Monday, March 2, 2015

Weekly Update #182

Editor's Note

So I am going to be honest: theme months are very hard for me. The Update is something I do at the seat of my pants...and I think many notice that. Theme months require a lot of planning because you want to make sure you have to content to go along with the subject. Long term projects, like my Sideways in Time paper (conference schedule coming soon) or my YouTube channel, take up a lot of my planning time. So my hopes to do more theme months may be a tad optimistic.

This week I have jury duty on Tuesday. Yay...I guess. I mean on one hand the attorney in me is looking forward to the experience. On the other hand, there is a ton of things I should and rather be doing. O well, its a sacrifice we all must make in my country and I am trying not to complain too much. At least my firm is cool with me taking the time off and hopefully I don't get picked.

Thanks to everyone who bought books and other goodies from Amazon through my site. You guys gave me on of my best months ever!

And now the news...

What is A Darker Shade of Magic by V.E. Schwab?

The Internet had a lot to say about V.E. Schwab's A Darker Shade of Magic. For those who missed last week's New Releases, here is the description again from Amazon:

Most people only know one London; but what if there were several? Kell is one of the last Travelers - magicians with a rare ability to travel between parallel Londons. There's Grey London, dirty and crowded and without magic, home to the mad king George III. There's Red London, where life and magic are revered. Then, White London, ruled by whoever has murdered their way to the throne. But once upon a time, there was Black London...

I like short descriptions. Anywho, Paul Weimer at SF Signal said A Darker Shade of Magic is "[a] strong novel of magic, character and multiple Londons that succeeds on a variety of levels and promises delights for a wide swath of fantasy readers." Well that is good news and if you would like to learn more about this magical mutliverse you can check out interviews with Schwab at Tor and Suvudu.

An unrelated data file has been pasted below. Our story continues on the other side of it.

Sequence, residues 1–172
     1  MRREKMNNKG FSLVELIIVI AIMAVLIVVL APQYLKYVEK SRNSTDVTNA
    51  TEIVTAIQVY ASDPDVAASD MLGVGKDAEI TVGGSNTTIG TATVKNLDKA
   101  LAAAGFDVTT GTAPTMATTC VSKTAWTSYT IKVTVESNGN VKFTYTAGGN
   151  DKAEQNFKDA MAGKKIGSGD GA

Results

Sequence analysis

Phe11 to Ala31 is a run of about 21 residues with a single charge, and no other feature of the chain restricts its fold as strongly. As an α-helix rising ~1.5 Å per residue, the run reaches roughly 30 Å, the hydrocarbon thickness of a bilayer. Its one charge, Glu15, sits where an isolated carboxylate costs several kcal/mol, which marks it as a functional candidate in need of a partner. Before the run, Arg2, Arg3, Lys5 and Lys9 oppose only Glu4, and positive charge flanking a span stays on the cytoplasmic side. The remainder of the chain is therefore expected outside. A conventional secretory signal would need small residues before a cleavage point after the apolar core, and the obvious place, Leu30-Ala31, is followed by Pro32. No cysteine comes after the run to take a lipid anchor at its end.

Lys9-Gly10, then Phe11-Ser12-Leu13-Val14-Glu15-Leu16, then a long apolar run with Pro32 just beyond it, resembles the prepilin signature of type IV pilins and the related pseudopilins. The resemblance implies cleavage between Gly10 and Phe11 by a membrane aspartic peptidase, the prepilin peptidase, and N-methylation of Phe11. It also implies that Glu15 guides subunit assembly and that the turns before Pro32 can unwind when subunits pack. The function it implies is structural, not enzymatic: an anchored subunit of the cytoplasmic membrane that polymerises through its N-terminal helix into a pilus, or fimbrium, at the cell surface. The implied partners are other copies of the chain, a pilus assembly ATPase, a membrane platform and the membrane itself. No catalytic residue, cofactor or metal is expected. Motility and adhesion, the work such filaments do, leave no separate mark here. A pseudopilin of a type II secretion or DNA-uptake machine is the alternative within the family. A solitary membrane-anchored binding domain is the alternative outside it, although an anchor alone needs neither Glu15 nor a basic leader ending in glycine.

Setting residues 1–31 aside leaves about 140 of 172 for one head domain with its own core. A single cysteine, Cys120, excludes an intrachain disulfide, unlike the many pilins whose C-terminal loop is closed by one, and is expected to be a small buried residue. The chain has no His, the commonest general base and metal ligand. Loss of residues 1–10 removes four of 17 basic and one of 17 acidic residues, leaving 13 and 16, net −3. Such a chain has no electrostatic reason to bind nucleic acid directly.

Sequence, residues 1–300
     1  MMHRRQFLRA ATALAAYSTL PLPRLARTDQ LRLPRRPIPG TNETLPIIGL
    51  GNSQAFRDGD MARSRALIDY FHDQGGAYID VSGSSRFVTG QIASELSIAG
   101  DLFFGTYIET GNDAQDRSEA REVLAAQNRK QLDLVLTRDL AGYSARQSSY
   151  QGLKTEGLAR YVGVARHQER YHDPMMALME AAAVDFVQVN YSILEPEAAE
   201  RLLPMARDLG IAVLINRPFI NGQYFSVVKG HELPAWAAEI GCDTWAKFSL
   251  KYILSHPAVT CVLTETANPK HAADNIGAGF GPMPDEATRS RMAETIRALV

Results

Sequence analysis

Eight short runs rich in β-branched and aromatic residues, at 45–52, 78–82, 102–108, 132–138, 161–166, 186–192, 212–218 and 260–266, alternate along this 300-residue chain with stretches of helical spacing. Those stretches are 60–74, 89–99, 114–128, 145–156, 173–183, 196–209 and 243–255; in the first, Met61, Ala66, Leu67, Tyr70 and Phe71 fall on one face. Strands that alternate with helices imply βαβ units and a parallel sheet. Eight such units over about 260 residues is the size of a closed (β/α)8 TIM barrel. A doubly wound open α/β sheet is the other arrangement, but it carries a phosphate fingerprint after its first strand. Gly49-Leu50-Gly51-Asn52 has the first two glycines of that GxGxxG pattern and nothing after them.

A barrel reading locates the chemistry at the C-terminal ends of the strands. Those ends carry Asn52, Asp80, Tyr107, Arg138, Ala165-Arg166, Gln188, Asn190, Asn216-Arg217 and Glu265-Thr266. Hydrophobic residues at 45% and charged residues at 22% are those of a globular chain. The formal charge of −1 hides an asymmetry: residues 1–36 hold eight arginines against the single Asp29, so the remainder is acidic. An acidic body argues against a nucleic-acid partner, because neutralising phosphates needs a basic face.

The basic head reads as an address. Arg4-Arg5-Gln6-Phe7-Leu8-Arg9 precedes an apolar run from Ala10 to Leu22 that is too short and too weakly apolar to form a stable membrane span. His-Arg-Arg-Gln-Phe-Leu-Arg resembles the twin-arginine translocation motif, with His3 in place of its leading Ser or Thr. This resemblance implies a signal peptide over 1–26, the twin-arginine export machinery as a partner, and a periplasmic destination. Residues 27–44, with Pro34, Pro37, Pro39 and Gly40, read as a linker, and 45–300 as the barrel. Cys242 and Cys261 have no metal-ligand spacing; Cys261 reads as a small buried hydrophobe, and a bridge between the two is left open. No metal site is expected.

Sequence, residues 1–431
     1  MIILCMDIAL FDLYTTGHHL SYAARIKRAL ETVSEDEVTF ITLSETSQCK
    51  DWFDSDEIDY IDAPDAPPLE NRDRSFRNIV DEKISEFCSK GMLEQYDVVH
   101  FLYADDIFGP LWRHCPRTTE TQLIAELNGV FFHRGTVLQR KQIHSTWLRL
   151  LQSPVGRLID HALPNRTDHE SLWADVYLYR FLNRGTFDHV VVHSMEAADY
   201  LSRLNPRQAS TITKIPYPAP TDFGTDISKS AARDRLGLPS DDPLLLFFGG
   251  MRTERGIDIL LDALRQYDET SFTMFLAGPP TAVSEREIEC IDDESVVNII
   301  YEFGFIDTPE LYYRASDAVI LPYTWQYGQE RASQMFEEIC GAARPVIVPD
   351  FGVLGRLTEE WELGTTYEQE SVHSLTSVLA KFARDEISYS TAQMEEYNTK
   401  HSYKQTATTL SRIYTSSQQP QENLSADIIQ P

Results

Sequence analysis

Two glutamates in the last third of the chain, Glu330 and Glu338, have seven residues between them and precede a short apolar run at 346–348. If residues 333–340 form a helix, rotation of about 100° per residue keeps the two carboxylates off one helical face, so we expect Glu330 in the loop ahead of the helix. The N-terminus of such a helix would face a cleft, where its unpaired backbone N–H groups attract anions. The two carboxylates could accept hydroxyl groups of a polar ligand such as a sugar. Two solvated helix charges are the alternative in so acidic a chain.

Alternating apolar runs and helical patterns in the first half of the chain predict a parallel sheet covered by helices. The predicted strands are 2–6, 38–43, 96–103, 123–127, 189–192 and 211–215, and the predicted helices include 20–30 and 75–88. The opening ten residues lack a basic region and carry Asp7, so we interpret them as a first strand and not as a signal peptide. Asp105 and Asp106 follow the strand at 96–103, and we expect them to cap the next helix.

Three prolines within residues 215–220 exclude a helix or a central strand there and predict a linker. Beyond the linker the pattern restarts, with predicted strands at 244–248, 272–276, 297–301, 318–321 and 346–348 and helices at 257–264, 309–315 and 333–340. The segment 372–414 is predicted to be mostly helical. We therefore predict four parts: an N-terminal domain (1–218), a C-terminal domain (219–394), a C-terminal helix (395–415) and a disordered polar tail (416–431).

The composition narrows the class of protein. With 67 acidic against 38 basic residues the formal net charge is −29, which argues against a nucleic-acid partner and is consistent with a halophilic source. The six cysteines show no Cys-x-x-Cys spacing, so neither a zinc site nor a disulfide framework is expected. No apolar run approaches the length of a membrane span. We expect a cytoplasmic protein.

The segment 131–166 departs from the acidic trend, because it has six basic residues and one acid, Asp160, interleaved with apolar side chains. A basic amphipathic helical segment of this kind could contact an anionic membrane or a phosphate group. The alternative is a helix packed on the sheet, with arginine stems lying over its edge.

The Critics Review Karen Memory by Elizabeth Bear

If you are a steampunk fan, you may want to check out Elizabeth Bear's Karen Memory. Here is summary from Amazon:

"You ain't gonna like what I have to tell you, but I'm gonna tell you anyway. See, my name is Karen Memery, like memory only spelt with an e, and I'm one of the girls what works in the Hôtel Mon Cherie on Amity Street. Hôtel has a little hat over the o like that. It's French, so Beatrice tells me."

Set in the late 19th century--when the city we now call Seattle Underground was the whole town (and still on the surface), when airships plied the trade routes, would-be gold miners were heading to the gold fields of Alaska, and steam-powered mechanicals stalked the waterfront, Karen is a young woman on her own, is making the best of her orphaned state by working in Madame Damnable's high-quality bordello. Through Karen's eyes we get to know the other girls in the house--a resourceful group--and the poor and the powerful of the town. Trouble erupts one night when a badly injured girl arrives at their door, beggin sanctuary, followed by the man who holds her indenture, and who has a machine that can take over anyone's mind and control their actions. And as if that wasn't bad enough, the next night brings a body dumped in their rubbish heap--a streetwalker who has been brutally murdered.

Bear brings alive this Jack-the-Ripper yarn of the old west with a light touch in Karen's own memorable voice, and a mesmerizing evocation of classic steam-powered science.